My advice to anyone considering an investment in whisky casks would be don’t. Not unless you really know what you’re doing. However, if you must, please take your time and do your research. Ensure that you’re working with the right people.
Before rushing in, ask yourself this… Why would someone be advertising a great investment opportunity on social media? If such fantastic profits were guaranteed, wouldn’t they be snapping up all the casks themselves and raking it in when selling-up time came? The truth is, they’re not doing that because they’re not in it for the long haul. They’re trying to make fast money now and they do that by taking it from you. Can you trust that they’ll still be around in 5 to 10 years when you want to cash in your investment? Are you certain you’ll be able to trace your cask and prove your ownership? I like a gamble, but I wouldn’t touch that bet.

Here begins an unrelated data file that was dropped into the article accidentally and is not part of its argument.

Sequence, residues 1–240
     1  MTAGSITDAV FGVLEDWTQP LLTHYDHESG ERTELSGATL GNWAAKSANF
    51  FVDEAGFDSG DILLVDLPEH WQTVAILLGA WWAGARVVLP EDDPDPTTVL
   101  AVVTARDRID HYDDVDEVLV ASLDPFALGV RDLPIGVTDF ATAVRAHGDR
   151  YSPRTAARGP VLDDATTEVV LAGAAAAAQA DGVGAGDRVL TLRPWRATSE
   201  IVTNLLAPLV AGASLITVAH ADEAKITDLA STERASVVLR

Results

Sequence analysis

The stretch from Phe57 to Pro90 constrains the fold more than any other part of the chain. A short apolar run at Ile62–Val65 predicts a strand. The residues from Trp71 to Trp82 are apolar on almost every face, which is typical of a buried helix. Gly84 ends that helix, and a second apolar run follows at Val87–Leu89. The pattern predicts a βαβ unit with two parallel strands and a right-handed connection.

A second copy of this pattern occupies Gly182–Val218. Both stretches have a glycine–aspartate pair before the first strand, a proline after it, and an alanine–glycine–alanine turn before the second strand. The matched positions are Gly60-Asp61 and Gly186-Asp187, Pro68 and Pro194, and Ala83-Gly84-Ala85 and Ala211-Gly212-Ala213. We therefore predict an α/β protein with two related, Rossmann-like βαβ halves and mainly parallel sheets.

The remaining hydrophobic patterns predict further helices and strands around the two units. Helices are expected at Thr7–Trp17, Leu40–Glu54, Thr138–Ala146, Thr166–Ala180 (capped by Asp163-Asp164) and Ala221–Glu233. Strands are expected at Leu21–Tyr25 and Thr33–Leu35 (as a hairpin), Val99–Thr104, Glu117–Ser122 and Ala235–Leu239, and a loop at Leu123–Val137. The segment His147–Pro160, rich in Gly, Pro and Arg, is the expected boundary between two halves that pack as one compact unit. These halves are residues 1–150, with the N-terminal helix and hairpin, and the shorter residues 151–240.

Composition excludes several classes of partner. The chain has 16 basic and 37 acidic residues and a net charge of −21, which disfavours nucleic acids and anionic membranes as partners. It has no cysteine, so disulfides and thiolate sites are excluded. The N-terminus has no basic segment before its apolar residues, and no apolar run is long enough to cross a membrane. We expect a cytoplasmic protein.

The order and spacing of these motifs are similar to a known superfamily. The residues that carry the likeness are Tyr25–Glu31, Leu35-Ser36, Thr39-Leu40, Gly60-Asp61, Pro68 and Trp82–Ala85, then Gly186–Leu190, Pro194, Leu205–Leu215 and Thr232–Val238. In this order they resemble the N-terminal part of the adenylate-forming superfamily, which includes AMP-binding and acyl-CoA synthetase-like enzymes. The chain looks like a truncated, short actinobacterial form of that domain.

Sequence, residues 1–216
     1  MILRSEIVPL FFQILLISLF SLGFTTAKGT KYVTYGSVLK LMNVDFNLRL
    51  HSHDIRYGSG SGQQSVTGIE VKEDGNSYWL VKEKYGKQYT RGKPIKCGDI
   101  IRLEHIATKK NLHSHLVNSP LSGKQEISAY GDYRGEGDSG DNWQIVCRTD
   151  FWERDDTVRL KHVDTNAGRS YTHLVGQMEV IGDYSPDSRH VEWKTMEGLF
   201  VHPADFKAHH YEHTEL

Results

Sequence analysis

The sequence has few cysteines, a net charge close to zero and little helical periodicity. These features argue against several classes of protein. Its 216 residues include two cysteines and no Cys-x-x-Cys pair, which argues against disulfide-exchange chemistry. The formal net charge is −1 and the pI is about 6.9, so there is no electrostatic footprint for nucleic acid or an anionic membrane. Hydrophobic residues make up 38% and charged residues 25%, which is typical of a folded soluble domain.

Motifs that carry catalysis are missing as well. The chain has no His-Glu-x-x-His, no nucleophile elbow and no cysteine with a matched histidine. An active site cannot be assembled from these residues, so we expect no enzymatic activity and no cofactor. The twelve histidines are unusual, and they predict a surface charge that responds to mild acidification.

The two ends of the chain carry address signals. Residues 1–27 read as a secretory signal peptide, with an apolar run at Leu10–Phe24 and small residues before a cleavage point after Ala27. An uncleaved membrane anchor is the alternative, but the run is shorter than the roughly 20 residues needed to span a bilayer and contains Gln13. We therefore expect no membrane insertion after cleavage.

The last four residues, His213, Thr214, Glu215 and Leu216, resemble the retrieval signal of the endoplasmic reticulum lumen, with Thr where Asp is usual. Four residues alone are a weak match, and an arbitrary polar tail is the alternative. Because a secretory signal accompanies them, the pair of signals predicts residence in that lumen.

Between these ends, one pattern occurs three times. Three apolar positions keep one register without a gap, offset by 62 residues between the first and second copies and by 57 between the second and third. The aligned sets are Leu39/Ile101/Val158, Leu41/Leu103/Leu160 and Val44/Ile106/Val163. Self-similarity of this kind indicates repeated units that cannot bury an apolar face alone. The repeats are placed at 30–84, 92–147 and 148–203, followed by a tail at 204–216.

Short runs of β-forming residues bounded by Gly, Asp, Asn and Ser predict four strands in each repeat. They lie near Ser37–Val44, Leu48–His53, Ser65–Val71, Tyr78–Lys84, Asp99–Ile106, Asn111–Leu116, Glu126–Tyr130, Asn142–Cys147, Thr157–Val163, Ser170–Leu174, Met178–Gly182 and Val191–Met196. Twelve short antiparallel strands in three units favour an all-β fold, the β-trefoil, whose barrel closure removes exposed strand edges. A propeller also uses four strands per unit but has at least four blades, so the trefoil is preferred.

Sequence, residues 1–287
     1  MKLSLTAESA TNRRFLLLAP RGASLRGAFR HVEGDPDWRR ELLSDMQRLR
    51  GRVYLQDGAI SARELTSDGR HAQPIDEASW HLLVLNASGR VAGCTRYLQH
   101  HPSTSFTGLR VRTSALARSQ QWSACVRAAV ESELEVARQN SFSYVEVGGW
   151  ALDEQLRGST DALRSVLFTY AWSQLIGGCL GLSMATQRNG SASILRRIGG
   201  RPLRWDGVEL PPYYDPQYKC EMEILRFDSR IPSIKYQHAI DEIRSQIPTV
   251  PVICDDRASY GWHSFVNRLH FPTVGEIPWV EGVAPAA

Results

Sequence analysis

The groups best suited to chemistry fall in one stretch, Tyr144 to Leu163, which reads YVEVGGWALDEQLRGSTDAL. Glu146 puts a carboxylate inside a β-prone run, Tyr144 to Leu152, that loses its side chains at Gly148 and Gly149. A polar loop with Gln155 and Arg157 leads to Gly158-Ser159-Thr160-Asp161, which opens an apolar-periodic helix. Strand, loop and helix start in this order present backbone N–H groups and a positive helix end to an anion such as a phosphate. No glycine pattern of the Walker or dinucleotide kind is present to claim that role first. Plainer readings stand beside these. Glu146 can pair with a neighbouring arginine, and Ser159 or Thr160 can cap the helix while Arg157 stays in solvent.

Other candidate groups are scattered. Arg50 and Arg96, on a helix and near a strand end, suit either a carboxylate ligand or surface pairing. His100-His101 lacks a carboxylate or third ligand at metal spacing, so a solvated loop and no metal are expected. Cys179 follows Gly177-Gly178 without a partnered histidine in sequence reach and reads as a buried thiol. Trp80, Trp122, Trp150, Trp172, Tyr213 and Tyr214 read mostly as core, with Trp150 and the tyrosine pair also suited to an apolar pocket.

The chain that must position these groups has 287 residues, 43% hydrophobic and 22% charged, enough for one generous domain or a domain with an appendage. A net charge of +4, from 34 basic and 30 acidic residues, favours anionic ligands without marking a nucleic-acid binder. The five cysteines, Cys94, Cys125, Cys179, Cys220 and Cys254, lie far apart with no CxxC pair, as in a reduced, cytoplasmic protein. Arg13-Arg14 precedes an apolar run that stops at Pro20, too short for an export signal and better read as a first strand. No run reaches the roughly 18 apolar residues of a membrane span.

For the record, I obviously won’t be doing any content work for this company. Likewise, the ambassador that contacted me was angered to learn about the website and has withdrawn from the role and demanded that their details be removed.
Be careful out there folks. There’s nothing wrong with wanting to own your own cask. Just be wary of anyone promising that it’ll make you rich. Let whisky be something you enjoy. Don’t let it become a source of anxiety because of a careless investment.
Thanks for reading.